29. All is well my dude. You have 3 interviews to clinical psychology programs; the most competitive graduate degree in the country. There will always be someone with more interviews, more publications, and a higher salary. This field is filled with rejection at every step of your career. Schools will reject you, internships will toss your application in the trash, and reviewers will tear your manuscripts to shreds. It sounds like you worked hard to get where you are. But there are others who worked just as hard who have weaker applications because their PI wasn't a productive scholar or
    35 points
  30. As a faculty member, this week has been overwhelming and chaotic for us all. Given how scared and uncertain students (and faculty) have felt this week, having recently learned of the existence of GradCafe it occurred to me that hearing from a faculty member might be helpful to some of you and so I planned to start a post expressing my support. However, upon seeing this thread, I wanted to address the initial poster's concern first and then share my thoughts (albeit - I am just one perspective). My university, like so many, has moved to online-only instruction until mid-April, at minimum.
    34 points
  31. Warelin

    You are GREAT!

    In a few weeks, you'll find out where you're accepted, rejected or waitlisted. By now, I'm sure you're experiencing all sorts of highs and lows. This is a very stressful process. Sometimes, all you want is some news because you're starting to feel down about the process. Big News? You're alive. -There are currently seven billion people alive today and the Population Reference Bureau estimates that about 107 billion people have ever lived. -Having just a few coins makes you richer than most people on Earth. -You are unique and nobody in the entire world is like you are -The opp
    34 points
  32. In off the waitlist at Loyola
    34 points
  33. dilby

    2019 Acceptances

    In at Yale. My one admit of the season. I'm speechless.
    34 points
  34. While I'm not one to enjoy the misery of others, sometimes people do such a good job of combining heartbreak, disdain, and criticism, they create an epic rejection result post. Here's my personal favorite, someone rejected from Stanford GSE: That pretty much sums up how I'd feel too. When I'm obsessively checking the results page, I often see this post and it makes me chuckle. It passes the time, and at least their loss will not have been in vain.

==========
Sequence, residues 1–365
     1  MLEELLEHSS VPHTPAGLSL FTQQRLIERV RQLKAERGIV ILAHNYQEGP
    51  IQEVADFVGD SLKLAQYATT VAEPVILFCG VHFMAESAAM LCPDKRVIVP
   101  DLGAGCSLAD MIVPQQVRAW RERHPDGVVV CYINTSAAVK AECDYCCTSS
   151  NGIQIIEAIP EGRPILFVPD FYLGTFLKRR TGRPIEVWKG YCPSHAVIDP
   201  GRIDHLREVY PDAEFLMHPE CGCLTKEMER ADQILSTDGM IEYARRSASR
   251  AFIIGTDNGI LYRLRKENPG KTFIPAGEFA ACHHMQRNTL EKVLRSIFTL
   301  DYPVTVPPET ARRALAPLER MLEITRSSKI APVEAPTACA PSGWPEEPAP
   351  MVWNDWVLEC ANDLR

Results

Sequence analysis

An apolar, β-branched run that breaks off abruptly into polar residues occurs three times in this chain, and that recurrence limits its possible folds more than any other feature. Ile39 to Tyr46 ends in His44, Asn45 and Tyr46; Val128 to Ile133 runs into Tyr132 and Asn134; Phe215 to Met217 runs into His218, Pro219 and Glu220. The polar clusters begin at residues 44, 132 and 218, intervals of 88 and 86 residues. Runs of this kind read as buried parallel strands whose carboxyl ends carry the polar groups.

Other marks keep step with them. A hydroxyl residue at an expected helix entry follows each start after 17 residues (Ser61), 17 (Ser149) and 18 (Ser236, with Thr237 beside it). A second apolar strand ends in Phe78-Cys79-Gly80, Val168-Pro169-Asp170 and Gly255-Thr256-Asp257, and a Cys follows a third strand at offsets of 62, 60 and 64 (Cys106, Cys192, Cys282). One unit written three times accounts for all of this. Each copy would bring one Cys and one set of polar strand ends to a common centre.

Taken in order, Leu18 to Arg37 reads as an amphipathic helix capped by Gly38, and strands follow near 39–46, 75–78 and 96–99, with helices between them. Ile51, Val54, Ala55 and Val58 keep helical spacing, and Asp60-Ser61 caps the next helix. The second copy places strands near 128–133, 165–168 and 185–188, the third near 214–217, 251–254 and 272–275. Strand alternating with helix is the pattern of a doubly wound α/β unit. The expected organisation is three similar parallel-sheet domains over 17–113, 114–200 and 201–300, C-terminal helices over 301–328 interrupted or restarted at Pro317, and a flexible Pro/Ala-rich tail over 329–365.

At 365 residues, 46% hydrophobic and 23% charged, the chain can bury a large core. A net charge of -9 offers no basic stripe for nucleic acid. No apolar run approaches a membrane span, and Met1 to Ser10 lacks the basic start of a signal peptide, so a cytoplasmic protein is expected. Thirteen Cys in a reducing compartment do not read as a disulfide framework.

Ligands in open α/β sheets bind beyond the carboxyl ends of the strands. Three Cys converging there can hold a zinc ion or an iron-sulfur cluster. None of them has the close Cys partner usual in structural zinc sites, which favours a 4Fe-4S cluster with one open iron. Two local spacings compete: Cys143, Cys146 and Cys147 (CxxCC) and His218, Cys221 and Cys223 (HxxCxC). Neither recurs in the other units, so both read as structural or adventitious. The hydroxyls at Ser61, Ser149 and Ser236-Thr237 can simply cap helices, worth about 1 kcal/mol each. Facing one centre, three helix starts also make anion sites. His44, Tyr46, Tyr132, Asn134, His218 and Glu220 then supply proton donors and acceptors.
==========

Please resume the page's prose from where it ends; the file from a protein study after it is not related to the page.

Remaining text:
33 points
  35. Oklash, I empathize so much with you. Please don't give up on yourself. Please don't even consider the thought of hurting yourself or worse. You deserve life! You deserve happiness. You can and will find your path. But I know that sounds so much easier than it is actually done. But please, listen to me: I have been where you are. A few years ago, I applied to graduate school and got rejected at 6/8 programs. This crushed me. None of my top schools seemed even remotely interested. I was rejected swiftly. One acceptance was to my safety school. One acceptance was to a good program, but
    33 points
  36. 1. Start the process as early as possible. Seriously. It's never too early to start. 2. Spend time researching the programs you are considering applying to - read their website, as well as potential advisors' websites. Read about the location, the weather, the current funding situation. Ask your professors about each school. 3. Don't apply to "safety schools", there is no such thing. Also don't apply to schools in locations you absolutely don't see yourself living in. Don't make choices that will make you unhappy before you even start. 4. Write an early SOP draft and put it aside